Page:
Boethius - Is The Pursuit Of Goods, Happiness?


Title added by Hygeia, since this is an excerpt from a very tightly weaved masterpiece.

Lady Philosophy is addressing the author, Boethius (note from Hygeia)…‘The whole concern of men, which the efforts of a multitude of pursuits keep busy, moves by different roads, yet strives to arrive at one and the same end, that of happiness. Now that is the good which, once a man attains it, leaves no room for further desires. And it is the highest of all goods, containing in itself all that is good, for if there were anything lacking in it, it would not be the highest good, since there would remain something outside it which could be desired. So it is clear that happiness is that state which is perfect since all goods are gathered in it.

This it is, as I have said, that all men strive to obtain by various paths; for the desire for the true good is naturally inborn in the mind of men, but they are led astray after false goods. Now some men believe that the highest good is to want nothing, so that they labour to abound in riches; but others hold whatever is most worthy of honour to be the good, and strive to be honoured and respected by their fellow citizens for the distinctions they receive. There are some who think that the highest good lies in the greatest power; these either wish themselves to rule, or try to attach themselves to those who rule. But for those who think fame is something very good hasten to spread their name abroad, made glorious through some skill in war or peace. More, however measure their enjoyment of the good in terms of joy and gladness, and think it most happy to abandon themselves to pleasure.

And there are those too who interchange and intermingle these various aims and motives, such as those who desire riches for the sake of power or pleasure, or those who seek power for the sake of wealth or to advance their own fame. So, to these and to all other such things are the aims and purposes of men’s acts and prayer related: So noble rank and the support of the populace are sought after because they appear to acquire some sort of renown, or a wife and children are sought after for the pleasure they give; but the most sacred kind of good is that of friendship, a good reckoned not a matter of fortune but of virtue, while any other kind is chosen for the sake of power or delight.

Now all the goods connected with the body can easily be related to the things mentioned above: physical strength and size seem to provide influence; beauty and swiftness, fame; and health, pleasure. In all of these things it is obviously happiness alone that is desired; for whatever a man seeks above all else, that he reckons the highest good. But we have defined the highest good as happiness; wherefore each man judges that state to be happy which he desires above all others.

So now you have as it were set before your eyes the delineaments of human happiness: wealth, honour, power, glory, pleasure. Epicurus looked only at these things, and consequently decided that for him the highest good was pleasure, since all the others seemed to bring delight to the mind.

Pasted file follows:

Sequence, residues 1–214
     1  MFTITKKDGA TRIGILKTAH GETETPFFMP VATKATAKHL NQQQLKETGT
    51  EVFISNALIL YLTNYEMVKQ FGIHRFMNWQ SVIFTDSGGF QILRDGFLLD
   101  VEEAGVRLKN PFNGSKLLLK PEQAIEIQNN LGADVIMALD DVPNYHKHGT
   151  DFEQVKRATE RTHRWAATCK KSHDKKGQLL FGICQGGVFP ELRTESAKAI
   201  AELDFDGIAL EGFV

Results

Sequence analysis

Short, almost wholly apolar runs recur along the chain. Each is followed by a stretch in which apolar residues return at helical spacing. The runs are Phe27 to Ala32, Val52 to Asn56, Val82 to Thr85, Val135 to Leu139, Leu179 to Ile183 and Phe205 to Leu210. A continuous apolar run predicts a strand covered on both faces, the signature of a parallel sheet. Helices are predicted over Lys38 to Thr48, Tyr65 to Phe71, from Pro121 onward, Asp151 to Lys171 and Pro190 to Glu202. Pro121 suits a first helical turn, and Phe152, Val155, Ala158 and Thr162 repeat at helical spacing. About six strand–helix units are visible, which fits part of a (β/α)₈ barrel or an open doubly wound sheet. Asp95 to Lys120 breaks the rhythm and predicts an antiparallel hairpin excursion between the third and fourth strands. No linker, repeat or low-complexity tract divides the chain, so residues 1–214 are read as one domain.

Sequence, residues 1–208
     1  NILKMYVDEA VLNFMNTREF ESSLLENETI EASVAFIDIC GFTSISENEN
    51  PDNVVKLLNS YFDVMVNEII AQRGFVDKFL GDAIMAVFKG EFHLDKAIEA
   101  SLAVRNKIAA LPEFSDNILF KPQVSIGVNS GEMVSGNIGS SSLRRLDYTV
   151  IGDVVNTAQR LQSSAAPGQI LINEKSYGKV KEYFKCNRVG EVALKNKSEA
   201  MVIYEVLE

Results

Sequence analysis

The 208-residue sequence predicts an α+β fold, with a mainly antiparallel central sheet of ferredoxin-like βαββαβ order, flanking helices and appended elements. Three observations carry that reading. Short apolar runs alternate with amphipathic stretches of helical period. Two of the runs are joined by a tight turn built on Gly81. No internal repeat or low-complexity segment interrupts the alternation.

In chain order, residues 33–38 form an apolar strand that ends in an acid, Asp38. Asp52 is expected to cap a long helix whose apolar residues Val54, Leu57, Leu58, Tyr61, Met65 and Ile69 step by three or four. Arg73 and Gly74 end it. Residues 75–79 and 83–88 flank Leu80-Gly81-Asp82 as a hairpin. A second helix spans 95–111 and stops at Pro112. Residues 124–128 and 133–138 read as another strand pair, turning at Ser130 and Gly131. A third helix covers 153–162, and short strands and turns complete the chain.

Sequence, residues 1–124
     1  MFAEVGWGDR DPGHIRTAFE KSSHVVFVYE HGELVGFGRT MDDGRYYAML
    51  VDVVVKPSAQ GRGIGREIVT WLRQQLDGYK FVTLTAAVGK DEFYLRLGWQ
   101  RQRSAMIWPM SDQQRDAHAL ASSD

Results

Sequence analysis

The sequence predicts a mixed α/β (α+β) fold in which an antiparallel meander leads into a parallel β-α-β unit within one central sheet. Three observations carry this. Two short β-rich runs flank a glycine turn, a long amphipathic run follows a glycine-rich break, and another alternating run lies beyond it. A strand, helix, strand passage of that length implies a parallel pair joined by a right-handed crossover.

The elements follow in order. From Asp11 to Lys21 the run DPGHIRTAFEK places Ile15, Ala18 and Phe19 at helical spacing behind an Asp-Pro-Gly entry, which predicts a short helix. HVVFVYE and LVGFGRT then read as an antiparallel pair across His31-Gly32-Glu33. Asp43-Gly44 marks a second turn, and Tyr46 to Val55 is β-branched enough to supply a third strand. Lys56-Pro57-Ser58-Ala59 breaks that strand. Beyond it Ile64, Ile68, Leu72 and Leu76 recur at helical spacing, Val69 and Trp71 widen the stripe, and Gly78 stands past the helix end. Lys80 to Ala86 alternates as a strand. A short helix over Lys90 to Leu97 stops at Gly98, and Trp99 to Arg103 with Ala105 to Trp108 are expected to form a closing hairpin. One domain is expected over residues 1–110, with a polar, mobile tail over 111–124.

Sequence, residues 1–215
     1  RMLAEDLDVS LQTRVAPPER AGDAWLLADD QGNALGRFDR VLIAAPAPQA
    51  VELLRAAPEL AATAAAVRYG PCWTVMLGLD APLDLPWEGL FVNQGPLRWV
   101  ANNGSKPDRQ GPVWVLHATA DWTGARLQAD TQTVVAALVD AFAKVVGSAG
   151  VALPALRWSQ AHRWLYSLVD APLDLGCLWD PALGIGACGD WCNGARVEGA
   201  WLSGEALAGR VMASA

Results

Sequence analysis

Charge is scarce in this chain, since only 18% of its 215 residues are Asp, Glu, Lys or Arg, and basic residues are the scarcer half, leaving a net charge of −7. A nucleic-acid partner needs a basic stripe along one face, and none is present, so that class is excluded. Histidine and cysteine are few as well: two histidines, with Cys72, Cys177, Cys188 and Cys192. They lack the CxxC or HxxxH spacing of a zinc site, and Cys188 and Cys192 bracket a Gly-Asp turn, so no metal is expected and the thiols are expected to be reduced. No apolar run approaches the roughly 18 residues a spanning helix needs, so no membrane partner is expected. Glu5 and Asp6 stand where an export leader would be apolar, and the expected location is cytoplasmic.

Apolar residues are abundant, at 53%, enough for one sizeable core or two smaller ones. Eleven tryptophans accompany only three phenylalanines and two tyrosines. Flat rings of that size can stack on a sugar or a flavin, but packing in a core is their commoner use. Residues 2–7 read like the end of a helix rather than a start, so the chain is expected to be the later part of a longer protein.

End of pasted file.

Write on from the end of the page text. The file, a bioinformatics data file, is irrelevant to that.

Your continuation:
But I turn back to the endeavours of men: for man’s mind, though the memory of it is clouded, yet does seek again its proper good, but like a drunken man cannot find by what path it may return home. For are they really wrong, who strive to lack nothing? But surely there is nothing else so conducive to perfect happiness as a condition possessing plenty of all goods, needing no other’s help, but being self-sufficient. Are they indeed mistaken, who think that whatever is best is also worthy of reverence and respect? Of course not: for that cannot be base and contemptible which the efforts and labour of almost all men strive to obtain. Is power not be accounted a good? Why, surely we are not to think that to be feeble and lacking in vigour which it is agreed is more excellent than all else? Is fame rated as nothing? Yet it cannot be set aside that all that is most excellent also seems to be most famous.

Is there any point in saying that happiness is not worried or depressed, nor subject to pain or vexation? Since even in the least things men seek that which they delight to have and to enjoy. These surely are the things men want to gain, and for that reason they desire riches, high office, the rule of men, glory and pleasure, because they believe that through them they will achieve sufficiency, respect, power, celebrity and joy. The good is therefore that which men pursue in so many different endeavours; and we can easily see how great is nature’s power in this, since although opinions vary and differ so much, yet they agree in loving the same end, the good.’

‘Consolation of Philosophy’, Book III, Chapter 2, (page 233-237). Loeb Classical Library. 1973 new edition.More about Boethius here: legend:Philosophy Consoling Boethius and Fortune Turning the Wheel.Picture credit:

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